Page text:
A new report shows just how pervasive the technology is that lets police unlock smartphones . And make sure you set aside a few minutes this weekend to read the story of the Aurora Generator Test , a 2007 demonstration that showed just how dangerous hacking a grid can be.
And there's more! Every Saturday we round up the security and privacy stories that we didn’t break or report on in depth but think you should know about. Click on the headlines to read them, and stay safe out there.A Security Researcher May Have Broken Into Trump's Twitter Account
OK, well, honestly we've been struggling with this one. Earlier this week, Dutch security researcher Victor Gevers told De Volkskrant that he had recently accessed Donald Trump's Twitter account simply by guessing the password: maga2020! (With slightly different capitalization, this is also apparently the password for the Wi-Fi at Trump rallies.) Gevers says he tried to alert the Trump campaign, Twitter, and others but failed to get a response. A few days later, he says, he saw that Trump's Twitter account had added two-factor authentication, freezing him out. The White House flatly denied that any of this happened, and Twitter said it had "seen no evidence to corroborate this claim"—which is odd, given that it would presumably be able to see if the president's device had logged in from a new device … in Europe. Some other apparent inconsistencies soon came to light as well. But Gevers is highly respected, and it seems unlikely that he would make any of this up. So! It's all very strange. If you take anything away from it, though, it's to please put two-factor authentication on your own accounts .
A Spam Attack Dares to Mess With Among UsThe game of the moment is Among Us, especially after US representative Alexandria Ocasio-Cortez streamed it on a marathon three-hour Twitch session. Its high profile, though, appears to have attracted the attention of spammers as well, who this week flooded the game's chat feature with links to subscribe to a YouTube channel. Eurogamer spoke with the apparent perpetrators, who claim to have disrupted 1.5 million games as of Friday. Among Us developer Inner Sloth said it's working on containing the problem.The 25 Known Vulnerabilities Chinese Hackers Use the MostThe NSA this week shared a list of the 25 patchable vulnerabilities that Chinese hackers use most, in hopes that potential targets will actually, you know, patch them. A lot of the bugs provide a foothold on internal networks, useful for general espionage purposes. The vulnerabilities also aren't exclusively used by China; they're an entry point for all kinds of criminal activity, especially since they're all publicly detailed. Patch your systems, friends!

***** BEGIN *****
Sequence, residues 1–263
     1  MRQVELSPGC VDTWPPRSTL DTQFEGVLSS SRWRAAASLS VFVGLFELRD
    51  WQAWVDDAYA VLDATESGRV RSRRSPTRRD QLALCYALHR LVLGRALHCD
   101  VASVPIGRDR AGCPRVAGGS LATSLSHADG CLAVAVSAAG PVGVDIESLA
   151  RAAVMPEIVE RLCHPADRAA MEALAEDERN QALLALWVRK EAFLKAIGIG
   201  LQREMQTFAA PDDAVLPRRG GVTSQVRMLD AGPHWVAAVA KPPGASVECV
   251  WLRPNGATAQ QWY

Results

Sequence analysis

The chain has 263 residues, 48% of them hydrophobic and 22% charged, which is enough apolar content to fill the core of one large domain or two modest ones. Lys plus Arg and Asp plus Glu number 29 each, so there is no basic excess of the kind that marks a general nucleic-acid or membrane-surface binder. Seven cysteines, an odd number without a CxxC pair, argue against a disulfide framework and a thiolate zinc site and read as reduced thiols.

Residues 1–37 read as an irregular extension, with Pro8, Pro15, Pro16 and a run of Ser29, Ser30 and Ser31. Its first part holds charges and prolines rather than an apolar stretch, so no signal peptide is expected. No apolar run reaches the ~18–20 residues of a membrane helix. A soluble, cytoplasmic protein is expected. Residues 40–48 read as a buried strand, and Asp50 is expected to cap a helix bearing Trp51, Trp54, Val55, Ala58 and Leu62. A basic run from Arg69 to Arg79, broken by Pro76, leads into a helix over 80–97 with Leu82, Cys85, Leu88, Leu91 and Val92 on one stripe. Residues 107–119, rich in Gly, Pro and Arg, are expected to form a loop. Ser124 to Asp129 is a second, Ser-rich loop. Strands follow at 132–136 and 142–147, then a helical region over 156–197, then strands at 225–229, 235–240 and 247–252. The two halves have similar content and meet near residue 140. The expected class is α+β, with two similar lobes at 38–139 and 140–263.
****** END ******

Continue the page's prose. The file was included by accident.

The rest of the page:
The Rise and Fall of Encrypted Phone Giant Phantom SecureMotherboard this week published a great investigative piece about Phantom Secure, a company that sold luxury encrypted phones to cartels and other criminal elements. No spoilers about what happens to the company and its founder, Vince Ramos, but trust us: It's a journey worth digging into.
Who Pulled Off the Twitter Hack?
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